North Carolina Vehicle Bill of Sale Form

The North Carolina vehicle bill of sale is a legal document compiled by the seller and buyer of a vehicle during a private transaction. The sale is considered private in case a person acquires a vehicle from another person not certified as a BMV dealer. The bill of sale form is signed by both parties of the deal and contains all of the relevant details about the transacted item including the make, model, model year, and VIN of the vehicle. The sale’s date, actual price, and the absence of any warranty from the previous owner are also documented in the bill of sale.

North Carolina bill of sale templates – discover more about bills of sale used for other things in North Carolina.

Registering a Vehicle in North Carolina

Those who register a newly acquired pre-owned motor vehicle in the state of North Carolina have to file the following documents to the local NC Division of Motor Vehicles:

  • An Odometer Disclosure Statement (Form MVR-180) certifying the actual mileage of the vehicle recorded at the moment of sale (required for vehicles less than ten years old)
  • Completed a bill of sale template with relevant personal data of the seller and buyer, sale date, price, and specific details about the motor vehicle
  • A valid driver’s license
  • A state ID card
  • A notarized vehicle title
  • Title application (form MVR-1) for the registration of title of ownership with the new owner
  • Declaration of Eligible Risk (form MVR-615)
  • Damage Disclosure Statement (form MVR-181)
  • Receipt of registration fees and sales tax

Residents of North Carolina acquiring vehicles should first complete the registration procedure to start operating those vehicles on the state’s roads.

If a vehicle is transferred between family members, the new owner should file the Highway Use Tax Exemption Certificate (MVR-613).

Fees applicable to vehicle registration in North Carolina include the Certificate of Title fee ($56), highway-use tax (equaling 3% od the vehicle’s value, but not exceeding $250 for new residents moving to North Carolina), instant title fee ($105.75), and late penalty fee ($20) applied to those who register their vehicles later than 28 days after the date of vehicle’s acquisition.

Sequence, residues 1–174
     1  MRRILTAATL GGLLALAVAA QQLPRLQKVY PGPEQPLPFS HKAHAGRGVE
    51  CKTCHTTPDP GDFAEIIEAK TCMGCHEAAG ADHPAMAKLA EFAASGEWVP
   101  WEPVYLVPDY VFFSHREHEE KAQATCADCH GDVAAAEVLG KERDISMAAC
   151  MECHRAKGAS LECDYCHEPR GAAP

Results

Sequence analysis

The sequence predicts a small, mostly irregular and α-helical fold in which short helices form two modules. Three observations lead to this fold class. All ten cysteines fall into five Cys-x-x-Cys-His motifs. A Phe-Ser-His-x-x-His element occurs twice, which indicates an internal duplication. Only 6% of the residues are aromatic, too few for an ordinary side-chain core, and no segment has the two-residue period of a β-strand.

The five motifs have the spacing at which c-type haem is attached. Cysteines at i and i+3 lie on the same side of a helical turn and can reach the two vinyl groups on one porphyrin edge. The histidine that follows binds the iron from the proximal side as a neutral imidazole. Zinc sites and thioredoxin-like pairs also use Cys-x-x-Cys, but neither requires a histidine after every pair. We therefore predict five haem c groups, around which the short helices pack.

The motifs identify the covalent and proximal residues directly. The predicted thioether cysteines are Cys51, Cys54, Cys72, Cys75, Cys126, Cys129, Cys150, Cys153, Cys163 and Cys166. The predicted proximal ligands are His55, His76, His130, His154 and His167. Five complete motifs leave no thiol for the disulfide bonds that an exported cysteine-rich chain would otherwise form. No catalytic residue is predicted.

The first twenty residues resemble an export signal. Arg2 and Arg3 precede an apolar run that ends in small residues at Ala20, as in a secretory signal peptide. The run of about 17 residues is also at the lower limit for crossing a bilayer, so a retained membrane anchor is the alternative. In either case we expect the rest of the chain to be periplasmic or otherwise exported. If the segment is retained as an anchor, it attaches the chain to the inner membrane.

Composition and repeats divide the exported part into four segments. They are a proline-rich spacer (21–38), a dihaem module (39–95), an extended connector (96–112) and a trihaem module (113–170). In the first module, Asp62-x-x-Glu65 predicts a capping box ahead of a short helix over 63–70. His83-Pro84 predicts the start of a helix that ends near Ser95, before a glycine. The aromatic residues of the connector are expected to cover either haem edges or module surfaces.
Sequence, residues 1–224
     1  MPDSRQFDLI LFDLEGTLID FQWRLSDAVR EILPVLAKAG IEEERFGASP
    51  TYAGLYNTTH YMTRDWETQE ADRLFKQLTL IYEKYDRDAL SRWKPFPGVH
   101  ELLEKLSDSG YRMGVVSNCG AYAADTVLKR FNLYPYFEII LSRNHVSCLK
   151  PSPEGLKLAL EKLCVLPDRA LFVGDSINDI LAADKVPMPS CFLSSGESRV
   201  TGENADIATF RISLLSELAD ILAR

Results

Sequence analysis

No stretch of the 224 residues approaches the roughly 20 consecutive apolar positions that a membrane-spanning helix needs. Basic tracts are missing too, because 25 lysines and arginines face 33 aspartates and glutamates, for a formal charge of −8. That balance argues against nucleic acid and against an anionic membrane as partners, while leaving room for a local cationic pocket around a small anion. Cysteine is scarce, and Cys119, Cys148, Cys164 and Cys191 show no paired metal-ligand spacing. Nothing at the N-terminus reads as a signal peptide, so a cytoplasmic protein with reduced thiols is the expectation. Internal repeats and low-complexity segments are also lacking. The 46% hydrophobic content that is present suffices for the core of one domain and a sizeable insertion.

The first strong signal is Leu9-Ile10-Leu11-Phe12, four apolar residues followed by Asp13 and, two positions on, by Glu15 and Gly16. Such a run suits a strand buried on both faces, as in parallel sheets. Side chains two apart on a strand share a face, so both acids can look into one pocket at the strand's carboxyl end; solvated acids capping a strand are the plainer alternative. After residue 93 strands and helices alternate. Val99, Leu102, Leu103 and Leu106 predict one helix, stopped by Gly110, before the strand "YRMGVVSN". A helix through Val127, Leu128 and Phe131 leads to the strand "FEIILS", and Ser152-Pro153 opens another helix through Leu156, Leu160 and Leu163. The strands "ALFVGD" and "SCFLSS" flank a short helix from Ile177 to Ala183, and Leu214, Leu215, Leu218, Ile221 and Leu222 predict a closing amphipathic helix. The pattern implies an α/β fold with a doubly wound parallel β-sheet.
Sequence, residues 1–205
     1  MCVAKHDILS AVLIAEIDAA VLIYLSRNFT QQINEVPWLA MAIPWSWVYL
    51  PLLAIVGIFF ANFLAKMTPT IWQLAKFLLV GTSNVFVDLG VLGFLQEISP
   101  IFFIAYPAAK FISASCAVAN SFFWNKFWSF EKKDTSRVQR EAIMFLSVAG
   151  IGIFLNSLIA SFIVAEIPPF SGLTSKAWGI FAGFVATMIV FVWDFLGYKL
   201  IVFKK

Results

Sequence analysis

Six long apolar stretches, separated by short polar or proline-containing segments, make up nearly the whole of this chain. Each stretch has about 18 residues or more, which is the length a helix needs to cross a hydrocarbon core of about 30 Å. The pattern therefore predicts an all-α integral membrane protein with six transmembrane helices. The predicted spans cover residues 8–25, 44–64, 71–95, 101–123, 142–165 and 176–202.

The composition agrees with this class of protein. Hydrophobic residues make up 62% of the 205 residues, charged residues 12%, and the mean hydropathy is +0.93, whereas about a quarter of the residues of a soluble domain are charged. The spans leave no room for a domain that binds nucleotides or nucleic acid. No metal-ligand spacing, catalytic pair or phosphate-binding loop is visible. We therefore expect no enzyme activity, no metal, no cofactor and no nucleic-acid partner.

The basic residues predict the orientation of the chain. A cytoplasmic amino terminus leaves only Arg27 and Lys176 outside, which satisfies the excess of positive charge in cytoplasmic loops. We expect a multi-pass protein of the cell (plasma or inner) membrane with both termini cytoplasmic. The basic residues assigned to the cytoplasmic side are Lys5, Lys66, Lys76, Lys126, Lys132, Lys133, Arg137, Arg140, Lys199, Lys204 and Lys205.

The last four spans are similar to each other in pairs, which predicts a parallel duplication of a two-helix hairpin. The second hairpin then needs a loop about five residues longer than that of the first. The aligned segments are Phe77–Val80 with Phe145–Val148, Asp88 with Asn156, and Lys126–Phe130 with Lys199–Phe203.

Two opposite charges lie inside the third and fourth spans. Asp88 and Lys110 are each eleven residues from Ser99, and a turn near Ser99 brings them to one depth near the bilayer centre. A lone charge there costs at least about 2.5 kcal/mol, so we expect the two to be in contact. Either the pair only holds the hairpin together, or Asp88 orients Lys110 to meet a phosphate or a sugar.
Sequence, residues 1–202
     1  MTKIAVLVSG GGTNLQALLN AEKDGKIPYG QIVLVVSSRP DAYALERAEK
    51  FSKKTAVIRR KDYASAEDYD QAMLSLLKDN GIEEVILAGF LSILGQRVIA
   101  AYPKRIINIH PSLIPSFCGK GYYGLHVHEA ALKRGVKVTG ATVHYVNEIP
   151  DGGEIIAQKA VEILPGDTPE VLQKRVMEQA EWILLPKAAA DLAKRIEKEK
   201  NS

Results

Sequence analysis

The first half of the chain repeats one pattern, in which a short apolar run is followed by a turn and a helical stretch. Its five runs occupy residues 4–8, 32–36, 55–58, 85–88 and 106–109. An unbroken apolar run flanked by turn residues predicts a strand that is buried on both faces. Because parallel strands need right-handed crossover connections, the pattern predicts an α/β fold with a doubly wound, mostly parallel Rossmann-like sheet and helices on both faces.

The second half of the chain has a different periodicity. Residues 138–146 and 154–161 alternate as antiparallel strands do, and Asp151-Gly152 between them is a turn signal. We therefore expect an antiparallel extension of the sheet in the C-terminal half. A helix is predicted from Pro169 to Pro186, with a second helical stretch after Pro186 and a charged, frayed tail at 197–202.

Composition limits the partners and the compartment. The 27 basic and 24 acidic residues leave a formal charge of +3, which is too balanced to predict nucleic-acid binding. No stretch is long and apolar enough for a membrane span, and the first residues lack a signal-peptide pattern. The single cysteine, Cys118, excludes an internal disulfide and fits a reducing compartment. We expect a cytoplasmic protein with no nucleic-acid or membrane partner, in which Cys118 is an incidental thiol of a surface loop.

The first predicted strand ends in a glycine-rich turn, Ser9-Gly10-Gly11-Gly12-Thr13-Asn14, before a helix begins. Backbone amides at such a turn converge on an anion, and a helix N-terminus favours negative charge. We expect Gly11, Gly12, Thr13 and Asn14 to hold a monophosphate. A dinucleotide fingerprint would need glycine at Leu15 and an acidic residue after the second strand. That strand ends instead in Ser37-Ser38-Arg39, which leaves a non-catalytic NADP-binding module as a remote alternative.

The registration fees depend on the vehicle’s category. Thus, you’ll need to pay $15 for a house trailer, $25.50 for a moped, and $6 for a permanent or state-owned vehicle. Private passenger vehicles are typically charged at $38.75. Besides, residents registering their vehicles in a specific county will also need to pay regional fees and taxes ranging from $1 in Randolph to $7 in Durham, Orange, and Wake. Electric vehicle registration is subject to an additional fee of $140.25 (added to the standard registration fee) while getting a personalized plate will cost $30.

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Download your fillable Bill of Sale template in PDF, .doc, or .odt formats

How to write North Carolina Vehicle Bill of Sale

The directions listed here are based on our custom-made bill of sale template. Nevertheless, if there’s a form offered by your local officials, it is recommended to use it for the deal.

Step 1: Specify the bill of sale creation date.

Step 2: Provide the details of all parties (buyer and seller):

  • Full legal name
  • Address: Street, City, State, Postal code
  • Contact details: Telephone number, Email address

Step 3: Fill in the detailed information concerning the motor vehicle that you are trying to sell:

  • Make
  • Model
  • Body type
  • Year of manufacture
  • Odometer reading
  • Car’s color
  • VIN

Step 4: At this point, you should specify the way in which you will get money for the vehicle.

This stage also requires indicating the exact date of the transaction and the full sum decided upon by both sides of the deal. After that is done, you will need to specify the method of purchase:

  1. Providing the full amount as a one-time transaction. One of the straightforward choices: the seller acquires the full amount of money from the purchaser in a single payment and presents the automobile to the purchaser within the same day.
  2. Trade-in. If this particular option is selected, the selling party trades their motor vehicle for the vehicle offered by the purchaser. If the buyer’s motor vehicle is cheaper, they will have to even that out with an additional payment. In such a case, the document also have to incorporate the purchaser’s motor vehicle particulars.
  3. In installments. Enter the downpayment sum as well as the exact date when it must be given, along with the date by which the total sum has to be handed to the vehicle owner.

Then, specify the way the purchaser is going to pay:

  • Cash
  • Cheque
  • Cashier’s check
  • Money order

The last thing to do in this section would be to choose whether or not all applicable taxes are included in the price.

Step 5: Go over standard provisions and confirm that both parties are familiar with them.

This section generally has the “as-is” paragraph that indicates the object is offered without a warranties.

Step 6: Now, the document must be signed.

The purchaser is generally not required to sign the form. Nonetheless, it’s recommended to get the bill of sale signed by each party. As an additional safety measure, you can have one or two individuals attest the process and sign the bill of sale.

Step 7: Notarize the document

By doing this, you will get even more legal protection. Nonetheless, this step is typically entirely elective.

In the majority of states, a bill of sale document might be necessary during title change, so the purchaser should have the original. As a seller, you could either get a copy and keep it or have a pair of identical documents signed and completed by both sides.

Published: Sep 17, 2020